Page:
## Introduction

While working on a project in solidity, I needed to make a calculation with sigmoid. Now, anyone who has already worked with sigmoid will know that it involves the irrational number **e**. In this article, I will describe what problems I faced and how I tried to approach the problem from a mathematical and programming concept.

## The problem

Solidity does not have native support for fractional operations, rather it uses scaled version of numbers (i.e: `uint256`

and `int256`

) to make operations for fractional calculation. for example, if you are to do an operation like this:

```
let x = 1/3;
```

In pure solidity the result needs to be scaled to adjust precision similar to this:

```
uint256 x = (10**18)/3;
```

On top of that the natural exponential function makes it harder to calculate in pure solidity.

## Solution Approach

I tried to make the solution for this problem using observation and estimations using the graph.

Let's look at the graph for sigmoid function:

As x approaches 5 and goes to infinity, the function result tends to reach 1.

And as x approaches -5 and goes to -infinity, the function results in 0.

The first observation that I got from this is that the graph is symmetric for positive and negative x.

If we shift the graph by 0.5 units below the y-axis, we will see that x and -x yield the same result but in opposite directions on the y-axis.

So, we can calculate the values for negative x by adding/subtracting some offset value with the positive x value. From the shifted graph, we can calculate the value for this offset.

We shifted the y values by 0.5, and we got relation for positive and negative x like this:

From this equation we get:

We can now use the positive x to calculate the values for negative x.

## Polynomial estimations

We have reduced the problem domain in half, but the irrational number and the fractional calculations are still not solved.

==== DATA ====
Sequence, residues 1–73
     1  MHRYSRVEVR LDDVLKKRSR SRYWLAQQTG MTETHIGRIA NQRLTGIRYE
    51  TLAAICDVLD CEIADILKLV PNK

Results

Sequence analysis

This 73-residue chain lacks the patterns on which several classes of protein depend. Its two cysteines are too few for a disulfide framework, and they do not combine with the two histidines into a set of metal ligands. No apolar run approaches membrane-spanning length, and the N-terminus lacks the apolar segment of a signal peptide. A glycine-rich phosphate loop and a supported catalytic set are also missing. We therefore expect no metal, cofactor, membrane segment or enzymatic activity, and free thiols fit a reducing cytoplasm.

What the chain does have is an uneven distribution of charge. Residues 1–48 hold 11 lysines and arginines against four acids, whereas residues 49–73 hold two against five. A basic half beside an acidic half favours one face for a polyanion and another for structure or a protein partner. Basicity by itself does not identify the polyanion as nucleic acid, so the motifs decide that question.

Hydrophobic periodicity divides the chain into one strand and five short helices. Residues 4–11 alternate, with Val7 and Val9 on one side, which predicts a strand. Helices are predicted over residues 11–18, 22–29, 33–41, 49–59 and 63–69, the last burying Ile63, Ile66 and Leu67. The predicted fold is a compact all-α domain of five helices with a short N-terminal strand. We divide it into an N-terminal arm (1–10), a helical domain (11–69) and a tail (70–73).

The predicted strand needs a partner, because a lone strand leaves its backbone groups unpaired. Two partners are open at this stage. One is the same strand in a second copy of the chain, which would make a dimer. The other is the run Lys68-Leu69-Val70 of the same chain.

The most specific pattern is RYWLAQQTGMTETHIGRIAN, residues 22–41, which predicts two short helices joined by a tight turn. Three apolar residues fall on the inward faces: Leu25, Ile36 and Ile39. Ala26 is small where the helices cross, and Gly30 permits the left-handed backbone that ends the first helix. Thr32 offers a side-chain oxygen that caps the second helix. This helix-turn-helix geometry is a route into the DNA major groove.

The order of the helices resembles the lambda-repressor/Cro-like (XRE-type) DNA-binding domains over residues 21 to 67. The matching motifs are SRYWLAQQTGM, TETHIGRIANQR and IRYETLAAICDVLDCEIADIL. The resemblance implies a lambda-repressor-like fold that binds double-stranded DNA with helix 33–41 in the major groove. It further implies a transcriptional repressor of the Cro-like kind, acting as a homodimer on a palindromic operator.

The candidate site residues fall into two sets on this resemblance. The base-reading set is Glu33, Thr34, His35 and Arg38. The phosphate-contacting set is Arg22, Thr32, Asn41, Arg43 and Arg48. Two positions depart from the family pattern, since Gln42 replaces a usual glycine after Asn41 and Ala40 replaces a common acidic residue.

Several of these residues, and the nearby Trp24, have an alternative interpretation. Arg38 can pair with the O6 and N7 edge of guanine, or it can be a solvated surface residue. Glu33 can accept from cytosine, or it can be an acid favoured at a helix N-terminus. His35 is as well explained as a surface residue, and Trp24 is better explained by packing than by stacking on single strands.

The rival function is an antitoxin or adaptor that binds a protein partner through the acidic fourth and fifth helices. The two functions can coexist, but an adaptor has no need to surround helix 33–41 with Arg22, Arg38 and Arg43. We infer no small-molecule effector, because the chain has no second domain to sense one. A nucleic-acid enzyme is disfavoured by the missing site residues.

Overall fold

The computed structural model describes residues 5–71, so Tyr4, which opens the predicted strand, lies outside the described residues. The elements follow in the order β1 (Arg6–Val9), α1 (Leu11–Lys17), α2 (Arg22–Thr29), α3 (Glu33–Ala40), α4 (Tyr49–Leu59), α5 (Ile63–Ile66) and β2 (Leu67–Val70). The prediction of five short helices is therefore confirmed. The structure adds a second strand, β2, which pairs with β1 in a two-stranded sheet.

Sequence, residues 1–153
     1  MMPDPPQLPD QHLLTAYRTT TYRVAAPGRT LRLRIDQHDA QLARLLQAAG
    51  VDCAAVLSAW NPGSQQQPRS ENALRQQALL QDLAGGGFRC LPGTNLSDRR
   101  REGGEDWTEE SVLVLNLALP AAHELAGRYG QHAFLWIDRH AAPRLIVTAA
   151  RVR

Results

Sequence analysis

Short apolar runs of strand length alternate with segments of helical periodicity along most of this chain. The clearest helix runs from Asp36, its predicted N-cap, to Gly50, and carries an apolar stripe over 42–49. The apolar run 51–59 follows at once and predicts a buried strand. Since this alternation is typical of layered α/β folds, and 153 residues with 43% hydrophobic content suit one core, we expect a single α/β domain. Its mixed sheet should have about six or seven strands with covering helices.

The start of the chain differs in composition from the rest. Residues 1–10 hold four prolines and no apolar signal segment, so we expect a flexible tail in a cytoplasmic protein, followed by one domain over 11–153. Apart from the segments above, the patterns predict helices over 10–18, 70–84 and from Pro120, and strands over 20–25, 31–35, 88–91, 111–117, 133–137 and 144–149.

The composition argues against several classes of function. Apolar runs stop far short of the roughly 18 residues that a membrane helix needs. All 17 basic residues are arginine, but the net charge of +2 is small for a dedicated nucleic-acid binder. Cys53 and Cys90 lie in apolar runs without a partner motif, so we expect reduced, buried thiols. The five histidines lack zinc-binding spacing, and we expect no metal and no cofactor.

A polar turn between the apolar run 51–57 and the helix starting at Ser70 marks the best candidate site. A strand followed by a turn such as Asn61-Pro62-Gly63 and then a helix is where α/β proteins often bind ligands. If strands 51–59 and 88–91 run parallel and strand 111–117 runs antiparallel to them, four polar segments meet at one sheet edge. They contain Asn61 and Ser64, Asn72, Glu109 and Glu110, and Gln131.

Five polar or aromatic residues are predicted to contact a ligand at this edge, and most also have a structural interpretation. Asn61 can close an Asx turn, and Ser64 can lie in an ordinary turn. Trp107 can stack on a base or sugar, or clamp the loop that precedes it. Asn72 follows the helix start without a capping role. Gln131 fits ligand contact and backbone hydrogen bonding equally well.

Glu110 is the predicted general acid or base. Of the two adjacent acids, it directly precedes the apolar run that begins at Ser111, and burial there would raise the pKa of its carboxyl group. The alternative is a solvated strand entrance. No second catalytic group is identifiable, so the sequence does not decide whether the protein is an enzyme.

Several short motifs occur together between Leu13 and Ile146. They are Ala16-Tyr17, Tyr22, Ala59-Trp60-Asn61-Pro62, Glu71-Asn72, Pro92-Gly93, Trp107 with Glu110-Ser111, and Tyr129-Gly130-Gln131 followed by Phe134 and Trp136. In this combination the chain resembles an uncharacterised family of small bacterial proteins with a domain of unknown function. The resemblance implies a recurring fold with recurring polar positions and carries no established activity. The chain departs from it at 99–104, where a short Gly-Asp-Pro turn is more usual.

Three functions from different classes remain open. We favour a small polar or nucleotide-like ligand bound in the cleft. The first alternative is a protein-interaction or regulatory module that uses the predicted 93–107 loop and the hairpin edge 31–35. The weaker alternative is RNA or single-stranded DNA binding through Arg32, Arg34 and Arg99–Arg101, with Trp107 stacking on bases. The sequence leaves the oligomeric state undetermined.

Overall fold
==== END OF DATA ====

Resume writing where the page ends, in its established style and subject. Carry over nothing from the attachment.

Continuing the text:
What if we could express the function in some simpler polynomial function? We could use the Maclaurin series to achieve this.

Taking the first 6 terms for the Maclaurin expansion for sigmoid function, we get:

If we plot

**and**

*g(x)***in the graph, we will see something like this:**

*f(x)*

The green curve is ** g(x)** and the blue curve is

**. We can see that the estimation does very well from 0 to 2 but diverges from the original curve after that. So, we can use this for values from -2 to 2 in our code.**

*f(x)*## Linear estimations

After that, I used linear estimations for the rest of the values. I found that from 2 to 5 i needed a linear estimation and from 5 to 9 to smooth out the results. Anything greater than 9 or less than -9, I assumed to be 1 and 0 respectively.

## Polinomial estimation code

To implement the curve in solidity in simple terms, I processed the mathematical term a bit. It made it easier to write the solidity code.

The denominator of the term was 1451520. I also calculated the modifiers for the x nominators.

```
function buildModifiers() internal pure returns (uint256[] memory) {
uint256[] memory modifiers = new uint256[](5);
modifiers[0] = uint256(362880);
modifiers[1] = uint256(30240);
modifiers[2] = uint256(3024);
modifiers[3] = uint256(306);
modifiers[4] = uint256(31);
return modifiers;
}
```

As I have scaled the numbers by `10^18`

I used a power function to scale down. One observation from the polynomial term is that all the power of x is odd, and thus the next x term can be obtained by multiplying the previous x term with `x^2`

. I incorporated that into my code as well.

```
function power(uint256 base, uint256 scale)
internal
pure
returns (uint256[] memory)
{
uint256 square = (base * base) / scale;
uint256[] memory result = new uint256[](5);
result[0] = base;
for (uint i = 1; i < 5; i++) {
result[i] = (result[i - 1] * square) / scale;
}
return result;
}
```

Lastly, I multiplied the result with the modifiers and add/subtract the terms to get the answer.

```
function polynomial(
uint256 base,
uint256 scale,
uint256[] memory modifiers,
uint256 addition
) internal pure returns (uint256) {
uint256 result = 0;
uint256[] memory powers = power(base, scale);
for (uint i = 0; i < 5; i += 2) {
result += modifiers[i] * powers[i];
}
for (uint i = 1; i < 5; i += 2) {
result -= modifiers[i] * powers[i];
}
return result / denominator + addition;
}
```

The `addition`

variable is the value for ** f(0)** which is 0.5 scaled by

`10^18`

.## The result

As I used fixed polynomials and linear approximations to calculate the sigmoid, I was able to calculate the result in constant time. So, the time complexity for this function was `O(k)`

or `O(1)`

. And with 10000 different inputs for sigmoid, the final result had s mean absolue error of `0.00013193236860416846`

or `0.013193236860416846%`

## Conclusion

I had a lot of fun working on this particular problem. It was exciting to use high school math along with observations to implement something that is natively not available in solidity. I wish to do more exciting stuff like this in the future as well. Happy coding!

## Top comments (1)